In the spirit of the upcoming "Season of Latin," if you will, I have some links and printables to offer you.
This really is a nice book: sentences and selections are arranged according to the chapter of Wheelock's Latin, going along with the pace of the textbook's difficulty and introduction of vocabulary.
This Latin mastery thing--it sure isn't easy. But we each have the necessary ingredients available to us, if we are willing to work and make it happen.
Guess what? There are old books that were specifically written to teach the Latin texts found in the Traditional Divine Office.
This just in! Newly in the Public Domain in the USA as of 2021, Medieval and Late Latin Selections (for the Use of College Students) by Charles Upson Clark and Josiah Bethea Game. My waiting to share this treasure is finally over!
This seems like the perfect time of year to plan something exciting: start-to-finish Latin by the Natural Method, Vol. 1 doing just a paragraph a day. Really. A paragraph is so bite-sized almost every single one of you should be able to squeeze that in. But there are enough days in the year that you... Continue Reading →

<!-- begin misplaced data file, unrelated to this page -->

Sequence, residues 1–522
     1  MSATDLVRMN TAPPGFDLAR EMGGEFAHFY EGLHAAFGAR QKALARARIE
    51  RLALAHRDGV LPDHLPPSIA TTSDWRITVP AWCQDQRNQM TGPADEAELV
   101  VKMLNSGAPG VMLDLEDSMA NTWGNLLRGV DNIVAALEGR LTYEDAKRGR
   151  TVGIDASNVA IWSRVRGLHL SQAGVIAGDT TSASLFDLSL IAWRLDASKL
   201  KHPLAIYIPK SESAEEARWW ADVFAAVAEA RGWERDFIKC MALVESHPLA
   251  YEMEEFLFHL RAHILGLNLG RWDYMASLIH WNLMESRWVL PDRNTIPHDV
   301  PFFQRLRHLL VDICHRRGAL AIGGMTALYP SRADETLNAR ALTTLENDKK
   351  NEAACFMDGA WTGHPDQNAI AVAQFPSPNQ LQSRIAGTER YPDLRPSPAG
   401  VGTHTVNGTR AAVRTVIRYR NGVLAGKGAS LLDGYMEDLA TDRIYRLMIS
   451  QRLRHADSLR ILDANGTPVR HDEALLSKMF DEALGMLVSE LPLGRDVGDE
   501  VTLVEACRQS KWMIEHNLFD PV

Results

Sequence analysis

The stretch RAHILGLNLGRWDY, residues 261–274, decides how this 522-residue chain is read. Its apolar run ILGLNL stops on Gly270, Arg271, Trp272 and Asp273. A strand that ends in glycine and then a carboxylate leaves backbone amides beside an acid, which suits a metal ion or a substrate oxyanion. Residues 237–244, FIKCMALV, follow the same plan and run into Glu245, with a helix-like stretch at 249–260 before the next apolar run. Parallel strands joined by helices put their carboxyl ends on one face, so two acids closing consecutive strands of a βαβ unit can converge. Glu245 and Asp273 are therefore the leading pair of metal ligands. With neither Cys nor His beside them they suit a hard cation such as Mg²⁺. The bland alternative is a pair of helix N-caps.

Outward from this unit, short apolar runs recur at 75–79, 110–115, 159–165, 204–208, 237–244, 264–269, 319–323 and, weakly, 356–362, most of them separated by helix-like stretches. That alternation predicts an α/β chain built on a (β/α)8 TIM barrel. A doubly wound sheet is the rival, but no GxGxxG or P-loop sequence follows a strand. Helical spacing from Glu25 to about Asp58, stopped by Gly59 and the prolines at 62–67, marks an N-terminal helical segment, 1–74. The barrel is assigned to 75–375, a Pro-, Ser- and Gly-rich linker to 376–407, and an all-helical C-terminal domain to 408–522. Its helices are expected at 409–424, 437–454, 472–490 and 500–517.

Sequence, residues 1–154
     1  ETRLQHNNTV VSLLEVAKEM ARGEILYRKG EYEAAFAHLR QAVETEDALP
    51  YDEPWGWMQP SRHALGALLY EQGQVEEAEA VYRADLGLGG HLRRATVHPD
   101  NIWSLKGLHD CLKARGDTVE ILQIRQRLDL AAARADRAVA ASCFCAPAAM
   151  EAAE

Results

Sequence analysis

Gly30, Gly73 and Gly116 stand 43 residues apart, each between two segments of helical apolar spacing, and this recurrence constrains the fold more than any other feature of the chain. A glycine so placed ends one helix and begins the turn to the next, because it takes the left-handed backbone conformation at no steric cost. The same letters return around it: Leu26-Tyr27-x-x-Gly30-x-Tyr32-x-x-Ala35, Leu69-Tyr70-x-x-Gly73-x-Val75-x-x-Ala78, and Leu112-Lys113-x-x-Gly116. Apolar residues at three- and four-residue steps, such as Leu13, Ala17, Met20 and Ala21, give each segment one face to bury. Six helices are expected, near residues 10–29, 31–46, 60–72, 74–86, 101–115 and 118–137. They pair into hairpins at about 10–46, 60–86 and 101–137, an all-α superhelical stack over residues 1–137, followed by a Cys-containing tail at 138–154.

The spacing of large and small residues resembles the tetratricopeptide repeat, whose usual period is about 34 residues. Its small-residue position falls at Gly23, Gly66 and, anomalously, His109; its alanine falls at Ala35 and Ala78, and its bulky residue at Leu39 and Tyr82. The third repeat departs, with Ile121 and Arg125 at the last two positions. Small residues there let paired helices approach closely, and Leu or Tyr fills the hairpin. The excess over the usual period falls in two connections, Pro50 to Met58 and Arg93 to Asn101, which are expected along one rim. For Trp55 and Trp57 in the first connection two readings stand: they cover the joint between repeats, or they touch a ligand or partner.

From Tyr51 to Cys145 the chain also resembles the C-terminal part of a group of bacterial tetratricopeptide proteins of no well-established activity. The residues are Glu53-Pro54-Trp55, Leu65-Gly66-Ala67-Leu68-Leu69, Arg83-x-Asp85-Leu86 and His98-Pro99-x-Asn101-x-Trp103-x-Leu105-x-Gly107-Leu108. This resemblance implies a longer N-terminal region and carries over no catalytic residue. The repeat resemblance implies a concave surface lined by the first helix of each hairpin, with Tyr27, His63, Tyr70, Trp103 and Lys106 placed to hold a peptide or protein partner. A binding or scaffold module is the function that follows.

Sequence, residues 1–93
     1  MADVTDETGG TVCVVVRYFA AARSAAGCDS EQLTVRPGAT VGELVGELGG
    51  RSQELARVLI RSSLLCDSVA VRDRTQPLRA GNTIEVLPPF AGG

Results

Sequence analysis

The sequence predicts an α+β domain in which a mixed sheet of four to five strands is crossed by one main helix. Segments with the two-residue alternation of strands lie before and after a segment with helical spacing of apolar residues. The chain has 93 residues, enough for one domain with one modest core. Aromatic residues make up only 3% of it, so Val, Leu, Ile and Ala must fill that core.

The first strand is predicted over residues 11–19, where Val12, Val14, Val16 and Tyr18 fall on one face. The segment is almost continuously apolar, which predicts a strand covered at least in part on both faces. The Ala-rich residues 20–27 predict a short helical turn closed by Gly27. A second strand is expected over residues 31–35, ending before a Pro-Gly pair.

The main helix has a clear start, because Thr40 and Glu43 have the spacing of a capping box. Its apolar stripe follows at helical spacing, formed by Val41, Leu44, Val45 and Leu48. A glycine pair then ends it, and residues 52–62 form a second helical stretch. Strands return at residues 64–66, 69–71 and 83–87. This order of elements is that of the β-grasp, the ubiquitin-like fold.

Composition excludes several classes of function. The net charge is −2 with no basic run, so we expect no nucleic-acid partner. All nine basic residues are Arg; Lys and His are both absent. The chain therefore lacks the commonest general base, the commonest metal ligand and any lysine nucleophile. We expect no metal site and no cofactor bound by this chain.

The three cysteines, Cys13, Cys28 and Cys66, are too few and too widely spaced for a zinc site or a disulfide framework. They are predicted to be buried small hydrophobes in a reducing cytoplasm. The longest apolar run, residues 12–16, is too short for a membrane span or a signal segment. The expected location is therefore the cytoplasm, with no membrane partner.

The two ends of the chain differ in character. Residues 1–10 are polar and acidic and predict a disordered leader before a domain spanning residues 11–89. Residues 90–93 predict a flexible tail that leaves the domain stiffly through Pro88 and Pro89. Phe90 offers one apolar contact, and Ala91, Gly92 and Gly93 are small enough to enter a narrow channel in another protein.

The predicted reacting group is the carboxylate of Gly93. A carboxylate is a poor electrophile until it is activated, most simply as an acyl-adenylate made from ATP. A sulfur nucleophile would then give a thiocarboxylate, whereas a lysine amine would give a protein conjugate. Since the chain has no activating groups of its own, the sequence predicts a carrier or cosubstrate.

If you read last week's post, featuring Fr. William Most's thoughts on teaching Latin, you know there is something going on. It's a war.
"Most Latin teachers will readily admit that Latin is not taught with very great success today. Even after as much as eight years of Latin, students often find it quite an effort to translate fifty lines of Cicero in an hour and even then, they will not always get the sense."
An equation for today: Something you don't really know + something you know well = quicker, pleasanter learning. I'm really hoping you know the New Testament, or at least the Gospels, very very well: if so, your Latin studies will get a boost from today's profiled resource: audio recordings of the Neo-Vulgate New Testament. Almost... Continue Reading →